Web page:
The Hunter Region was built off the sweat of coal miners and the coal they dug up across many decades.
This incredibly valuable rock has sustained livelihoods for a long time.
This story of coal is part of a wider narrative of energy, economics, the environment, politics and climate change. In the latest chapter, the Intergovernmental Panel on Climate Change (IPCC) recommends a phase-out of coal used in power stations by 2050 to limit global warming to 1.5°C above pre-industrial levels.
“Every extra bit of warming matters, especially since warming of 1.5ºC or higher increases the risk associated with long-lasting or irreversible changes,” said Hans-Otto Pörtner, co-chair of an IPCC working group.
As well as eliminating coal-fired power, limiting warming to 1.5°C would require actions like “changing food systems, such as diet changes away from land-intensive animal products; electrifying transport and developing ‘green infrastructure’.”
The effects of not acting include more heatwaves, droughts, floods, bushfires and poverty, decreased crop yields and loss of some ecosystems, the IPCC says.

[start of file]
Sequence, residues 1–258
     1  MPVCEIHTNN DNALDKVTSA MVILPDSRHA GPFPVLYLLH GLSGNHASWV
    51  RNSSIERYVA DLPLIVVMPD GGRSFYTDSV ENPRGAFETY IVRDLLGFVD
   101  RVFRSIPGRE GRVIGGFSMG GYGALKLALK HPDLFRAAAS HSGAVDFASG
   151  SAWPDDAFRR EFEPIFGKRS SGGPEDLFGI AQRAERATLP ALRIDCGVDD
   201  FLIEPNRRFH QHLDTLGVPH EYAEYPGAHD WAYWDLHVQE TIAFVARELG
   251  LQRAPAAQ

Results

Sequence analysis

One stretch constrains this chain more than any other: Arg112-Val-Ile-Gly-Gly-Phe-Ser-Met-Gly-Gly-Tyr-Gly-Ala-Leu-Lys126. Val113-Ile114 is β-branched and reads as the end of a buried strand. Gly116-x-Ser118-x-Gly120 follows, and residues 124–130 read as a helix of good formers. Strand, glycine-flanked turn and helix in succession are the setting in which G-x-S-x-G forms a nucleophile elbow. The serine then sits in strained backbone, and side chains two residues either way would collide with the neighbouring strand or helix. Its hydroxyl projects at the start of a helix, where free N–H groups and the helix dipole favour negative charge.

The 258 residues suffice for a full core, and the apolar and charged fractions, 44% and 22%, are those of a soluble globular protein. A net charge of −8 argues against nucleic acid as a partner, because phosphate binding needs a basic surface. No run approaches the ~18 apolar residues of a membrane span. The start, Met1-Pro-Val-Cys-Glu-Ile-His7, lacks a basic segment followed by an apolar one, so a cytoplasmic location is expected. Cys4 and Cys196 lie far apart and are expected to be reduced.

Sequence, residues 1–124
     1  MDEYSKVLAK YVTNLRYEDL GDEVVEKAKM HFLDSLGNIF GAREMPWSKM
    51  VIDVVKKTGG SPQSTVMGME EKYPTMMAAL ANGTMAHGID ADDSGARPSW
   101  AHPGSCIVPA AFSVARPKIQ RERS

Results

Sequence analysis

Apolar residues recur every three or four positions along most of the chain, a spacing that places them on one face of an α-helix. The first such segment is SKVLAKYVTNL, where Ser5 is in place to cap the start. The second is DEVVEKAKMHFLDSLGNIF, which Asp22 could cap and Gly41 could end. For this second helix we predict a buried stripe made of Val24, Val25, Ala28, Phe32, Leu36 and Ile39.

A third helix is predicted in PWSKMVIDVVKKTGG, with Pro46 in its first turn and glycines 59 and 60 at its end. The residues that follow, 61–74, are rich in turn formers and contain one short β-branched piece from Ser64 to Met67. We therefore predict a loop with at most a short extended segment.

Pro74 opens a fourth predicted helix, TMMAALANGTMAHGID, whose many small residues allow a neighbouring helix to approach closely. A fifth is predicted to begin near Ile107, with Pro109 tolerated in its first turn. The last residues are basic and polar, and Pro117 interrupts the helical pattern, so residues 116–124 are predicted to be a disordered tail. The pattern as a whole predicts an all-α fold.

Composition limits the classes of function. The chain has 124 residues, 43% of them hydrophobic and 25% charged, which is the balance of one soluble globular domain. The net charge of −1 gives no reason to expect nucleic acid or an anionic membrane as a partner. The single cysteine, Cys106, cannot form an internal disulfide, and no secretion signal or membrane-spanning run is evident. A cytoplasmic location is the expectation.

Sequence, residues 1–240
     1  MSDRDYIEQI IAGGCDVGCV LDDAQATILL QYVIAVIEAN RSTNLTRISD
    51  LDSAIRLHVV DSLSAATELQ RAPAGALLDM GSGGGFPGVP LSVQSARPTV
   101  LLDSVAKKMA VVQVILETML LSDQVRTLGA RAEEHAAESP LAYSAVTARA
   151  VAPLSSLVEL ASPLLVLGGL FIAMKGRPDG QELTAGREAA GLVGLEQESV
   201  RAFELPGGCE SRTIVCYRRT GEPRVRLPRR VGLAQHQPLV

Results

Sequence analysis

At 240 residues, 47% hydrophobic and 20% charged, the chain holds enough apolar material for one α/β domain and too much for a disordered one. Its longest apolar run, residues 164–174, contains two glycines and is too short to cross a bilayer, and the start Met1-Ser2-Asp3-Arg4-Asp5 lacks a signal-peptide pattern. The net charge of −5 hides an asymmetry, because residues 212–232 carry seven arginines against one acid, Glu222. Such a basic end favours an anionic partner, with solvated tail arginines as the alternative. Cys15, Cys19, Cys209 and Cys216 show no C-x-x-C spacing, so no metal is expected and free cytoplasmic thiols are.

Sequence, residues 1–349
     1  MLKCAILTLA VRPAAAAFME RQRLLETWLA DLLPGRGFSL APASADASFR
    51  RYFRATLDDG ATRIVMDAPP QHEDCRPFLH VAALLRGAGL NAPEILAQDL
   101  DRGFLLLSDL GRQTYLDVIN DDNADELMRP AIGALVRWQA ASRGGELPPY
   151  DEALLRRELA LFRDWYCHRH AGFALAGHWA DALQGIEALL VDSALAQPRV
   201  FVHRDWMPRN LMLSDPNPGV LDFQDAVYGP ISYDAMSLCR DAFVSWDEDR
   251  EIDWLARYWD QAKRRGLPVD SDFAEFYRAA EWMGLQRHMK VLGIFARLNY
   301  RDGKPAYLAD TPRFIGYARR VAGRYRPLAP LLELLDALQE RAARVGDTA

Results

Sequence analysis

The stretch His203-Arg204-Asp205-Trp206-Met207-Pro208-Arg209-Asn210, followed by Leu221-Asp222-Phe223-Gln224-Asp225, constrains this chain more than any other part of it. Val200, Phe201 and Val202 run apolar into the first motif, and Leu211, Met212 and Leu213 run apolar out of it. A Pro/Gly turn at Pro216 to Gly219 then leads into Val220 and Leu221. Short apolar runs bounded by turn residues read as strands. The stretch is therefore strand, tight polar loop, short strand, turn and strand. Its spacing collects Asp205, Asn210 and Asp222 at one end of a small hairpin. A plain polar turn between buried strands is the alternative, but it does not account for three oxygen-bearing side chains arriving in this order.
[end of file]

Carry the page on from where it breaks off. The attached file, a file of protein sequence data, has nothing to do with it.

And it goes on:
The IPCC’s latest report noted that smartphones “have become global in use within 10 years”.
“But electric cars, which were released around the same time, have not been adopted so quickly because the bigger, more connected transport and energy systems are harder to change,” it said.
“Renewable energy, especially solar and wind, is considered to be disruptive by some as it is rapidly being adopted and is transitioning faster than predicted. But its demand is not yet uniform.”
Limiting global warming to 1.5ºC would require “rapid, far-reaching and unprecedented changes in all aspects of society”.
The report admits that “there is no historical precedent for the scale of the necessary transitions, in particular in a socially and economically sustainable way”.
Australian politicians are in no hurry to support rapid change. Meanwhile, there are varying reports on the exact number of coal-fired plants planned or under development across the world. One recent report put the number at 1380, citing research from the German non-profit environmental and human rights organisation Urgewald.
So, despite the enormous concerns about the planet’s future, it seems that the story of coal in the Hunter has some way to go.
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